Security insights from ThreatLocker
In 2020, the Office of the Under Secretary of Defense for Acquisition and Sustainment (OUSD)A&S)) from the Department of Defense (DoD) released the Cybersecurity Maturity Model Certification (CMMC).
Designed by a combination of federal and private experts, CMMC is a maturity model, not a regulation. Compliance requirements are based on the data that a company manages. CMMC discusses two types of information:
Generally speaking, small and mid-sized organizations use MSPs because staffing their own IT departments is cost-prohibitive. As MSP customers seek CMMC certification, they need business partners who can support their strategic goals.
Meanwhile, MSPs find themselves trying to understand what certification level they require so that their customers can trust them.
The first step to determining whether an MSP must be CMMC compliant lies in the customer data it collects, transmits, processes, or stores. If an MSP will be managing FCI or CUI, then it needs to be at the appropriate CMMC Level.
In reality, most MSPs do not manage FCI or CUI. In fact, even those that manage FCI would only need to be certified to Level 1, which requires proving that the company follows Basic Cyber Hygiene practices across the 17 processes. Most organizations with a cybersecurity program already meet this standard.
However, many DoD contractor customers are beginning to require MSPs to meet CMMC Level 3 certification. MSPs working with DIB clients should be familiar with CMMC and CUI.
For MSPs that want to maintain or expand their DIB customer base, CMMC may be used as a market differentiator rather than a contract requirement. Not only would they be able to prove their own cybersecurity maturity, but they will understand the certification process, making them better suited to support DIB members.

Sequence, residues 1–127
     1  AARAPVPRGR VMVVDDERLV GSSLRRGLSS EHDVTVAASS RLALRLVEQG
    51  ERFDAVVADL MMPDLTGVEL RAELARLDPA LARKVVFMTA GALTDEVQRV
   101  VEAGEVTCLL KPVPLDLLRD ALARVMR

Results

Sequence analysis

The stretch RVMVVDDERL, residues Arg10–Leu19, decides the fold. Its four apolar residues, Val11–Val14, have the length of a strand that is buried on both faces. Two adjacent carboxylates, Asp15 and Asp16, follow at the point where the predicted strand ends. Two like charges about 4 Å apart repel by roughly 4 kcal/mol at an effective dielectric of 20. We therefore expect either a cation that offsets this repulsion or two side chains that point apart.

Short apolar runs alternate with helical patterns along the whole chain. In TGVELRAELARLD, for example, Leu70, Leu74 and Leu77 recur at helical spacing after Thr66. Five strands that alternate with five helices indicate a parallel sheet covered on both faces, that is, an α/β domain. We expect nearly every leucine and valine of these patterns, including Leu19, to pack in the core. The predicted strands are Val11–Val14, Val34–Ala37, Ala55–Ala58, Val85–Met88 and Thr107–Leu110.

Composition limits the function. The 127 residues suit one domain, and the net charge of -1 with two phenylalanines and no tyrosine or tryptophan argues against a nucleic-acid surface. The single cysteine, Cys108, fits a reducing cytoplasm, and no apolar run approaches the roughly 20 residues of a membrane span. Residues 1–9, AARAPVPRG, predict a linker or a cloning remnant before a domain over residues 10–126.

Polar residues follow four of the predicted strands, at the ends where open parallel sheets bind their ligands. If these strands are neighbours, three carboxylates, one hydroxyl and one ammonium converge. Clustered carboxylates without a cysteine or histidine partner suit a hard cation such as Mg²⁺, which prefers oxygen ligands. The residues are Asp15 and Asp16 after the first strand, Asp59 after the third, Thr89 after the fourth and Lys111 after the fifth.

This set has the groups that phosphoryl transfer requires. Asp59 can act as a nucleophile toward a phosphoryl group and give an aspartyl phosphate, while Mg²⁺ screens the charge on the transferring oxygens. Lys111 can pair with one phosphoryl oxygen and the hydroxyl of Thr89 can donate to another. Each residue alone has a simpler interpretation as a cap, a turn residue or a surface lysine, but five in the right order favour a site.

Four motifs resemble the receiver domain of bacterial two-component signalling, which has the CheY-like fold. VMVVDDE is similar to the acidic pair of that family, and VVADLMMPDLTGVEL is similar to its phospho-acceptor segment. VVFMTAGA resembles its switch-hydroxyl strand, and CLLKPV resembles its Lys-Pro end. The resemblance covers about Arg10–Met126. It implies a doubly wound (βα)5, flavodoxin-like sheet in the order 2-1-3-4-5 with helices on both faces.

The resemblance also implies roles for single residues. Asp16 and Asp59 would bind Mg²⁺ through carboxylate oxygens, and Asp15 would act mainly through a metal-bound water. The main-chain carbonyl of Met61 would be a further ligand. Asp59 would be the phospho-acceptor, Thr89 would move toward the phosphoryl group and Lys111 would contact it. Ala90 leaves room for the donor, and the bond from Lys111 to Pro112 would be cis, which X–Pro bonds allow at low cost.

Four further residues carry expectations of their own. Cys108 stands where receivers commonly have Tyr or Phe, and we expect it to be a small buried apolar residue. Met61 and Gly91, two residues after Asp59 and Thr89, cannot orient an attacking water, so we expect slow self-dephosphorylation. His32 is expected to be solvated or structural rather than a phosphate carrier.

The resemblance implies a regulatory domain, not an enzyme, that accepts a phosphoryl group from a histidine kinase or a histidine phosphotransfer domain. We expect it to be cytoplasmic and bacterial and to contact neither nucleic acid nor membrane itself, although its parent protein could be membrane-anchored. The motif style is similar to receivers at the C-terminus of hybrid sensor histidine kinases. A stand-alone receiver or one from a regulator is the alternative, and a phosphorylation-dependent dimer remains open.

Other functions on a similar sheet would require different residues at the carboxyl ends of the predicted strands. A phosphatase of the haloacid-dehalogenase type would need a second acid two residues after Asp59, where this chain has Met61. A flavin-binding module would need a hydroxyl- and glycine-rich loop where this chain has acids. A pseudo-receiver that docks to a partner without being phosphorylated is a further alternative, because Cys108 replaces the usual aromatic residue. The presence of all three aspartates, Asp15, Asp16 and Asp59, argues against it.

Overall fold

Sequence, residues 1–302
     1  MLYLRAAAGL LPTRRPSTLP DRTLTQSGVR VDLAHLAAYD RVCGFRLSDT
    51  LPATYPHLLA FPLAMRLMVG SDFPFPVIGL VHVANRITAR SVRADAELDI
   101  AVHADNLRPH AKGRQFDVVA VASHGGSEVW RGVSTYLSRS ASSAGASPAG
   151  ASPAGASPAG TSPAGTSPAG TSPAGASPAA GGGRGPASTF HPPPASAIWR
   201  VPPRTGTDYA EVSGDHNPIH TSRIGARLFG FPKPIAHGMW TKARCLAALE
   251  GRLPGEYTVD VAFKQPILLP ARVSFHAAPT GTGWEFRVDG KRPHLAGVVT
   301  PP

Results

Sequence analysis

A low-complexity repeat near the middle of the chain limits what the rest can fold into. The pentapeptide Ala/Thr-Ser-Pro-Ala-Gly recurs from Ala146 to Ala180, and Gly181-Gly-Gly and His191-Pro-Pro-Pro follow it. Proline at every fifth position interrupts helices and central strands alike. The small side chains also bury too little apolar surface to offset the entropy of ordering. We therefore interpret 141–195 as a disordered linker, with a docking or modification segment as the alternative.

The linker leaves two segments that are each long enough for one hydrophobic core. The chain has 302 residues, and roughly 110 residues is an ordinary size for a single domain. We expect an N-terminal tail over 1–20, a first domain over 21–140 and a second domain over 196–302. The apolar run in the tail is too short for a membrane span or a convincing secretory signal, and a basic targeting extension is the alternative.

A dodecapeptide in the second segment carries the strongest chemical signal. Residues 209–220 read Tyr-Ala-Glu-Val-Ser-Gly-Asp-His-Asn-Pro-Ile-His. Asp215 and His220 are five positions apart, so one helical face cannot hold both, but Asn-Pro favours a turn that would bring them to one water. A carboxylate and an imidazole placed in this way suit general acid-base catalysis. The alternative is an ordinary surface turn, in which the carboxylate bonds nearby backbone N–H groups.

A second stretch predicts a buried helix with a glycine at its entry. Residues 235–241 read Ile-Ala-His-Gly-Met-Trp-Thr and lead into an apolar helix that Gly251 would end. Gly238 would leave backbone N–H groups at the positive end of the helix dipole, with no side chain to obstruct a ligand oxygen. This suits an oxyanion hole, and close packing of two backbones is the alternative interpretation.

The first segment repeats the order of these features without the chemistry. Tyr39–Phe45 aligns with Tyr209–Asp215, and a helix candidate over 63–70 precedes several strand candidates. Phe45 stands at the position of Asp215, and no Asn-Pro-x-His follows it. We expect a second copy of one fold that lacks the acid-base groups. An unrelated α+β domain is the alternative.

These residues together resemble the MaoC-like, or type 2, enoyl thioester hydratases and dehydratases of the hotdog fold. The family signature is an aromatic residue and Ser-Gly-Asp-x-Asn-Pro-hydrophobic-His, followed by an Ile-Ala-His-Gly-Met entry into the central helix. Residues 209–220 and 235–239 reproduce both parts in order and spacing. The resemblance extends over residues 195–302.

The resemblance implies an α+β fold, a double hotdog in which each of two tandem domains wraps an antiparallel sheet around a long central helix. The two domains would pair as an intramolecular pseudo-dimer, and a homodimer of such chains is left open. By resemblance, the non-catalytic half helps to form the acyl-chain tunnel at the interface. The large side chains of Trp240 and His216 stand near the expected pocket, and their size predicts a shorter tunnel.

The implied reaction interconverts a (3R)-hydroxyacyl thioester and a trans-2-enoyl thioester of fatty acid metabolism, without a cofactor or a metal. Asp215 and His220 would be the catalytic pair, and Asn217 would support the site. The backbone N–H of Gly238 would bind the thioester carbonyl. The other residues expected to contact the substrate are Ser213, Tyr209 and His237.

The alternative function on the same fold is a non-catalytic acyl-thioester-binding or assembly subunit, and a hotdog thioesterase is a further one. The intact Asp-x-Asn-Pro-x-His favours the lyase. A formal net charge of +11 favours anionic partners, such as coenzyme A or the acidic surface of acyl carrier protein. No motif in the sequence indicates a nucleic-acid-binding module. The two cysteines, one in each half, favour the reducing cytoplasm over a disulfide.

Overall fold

Small and mid-size business customers will likely look to MSPs to explain how their services enable compliance. Since internal IT teams would normally manage the controls that enable a cybersecurity program, MSPs will find themselves in a similar position.
To protect themselves from customer churn, MSPs will need to do several things:
“Compliance-as-a-service” (CaaS) is nothing new to MSPs. With this in mind, MSPs should start understanding how the technologies they use with their customers help them maintain and grow their customer base.
Many small businesses looking to be CMMC Level 1 or Level 3 compliant may start outsourcing services that they previously handled in-house. To use CMMC as a market differentiator, MSPs need to understand where their services enable customers to set Basic Security Requirements or mature programs to meet Good Cyber Hygiene standards. As MSPs look to develop offerings that enable their DIB customers, they should understand CMMC and look to the “CMMC Assessment Guide - Level 3” to gain insight into how the CMMC Accreditation Body (AB) will review practices.
To learn more about how your current services enable customers to meet these requirements, download our guide, CMMC Compliance as a Service: Expanding the MSP Customer Base.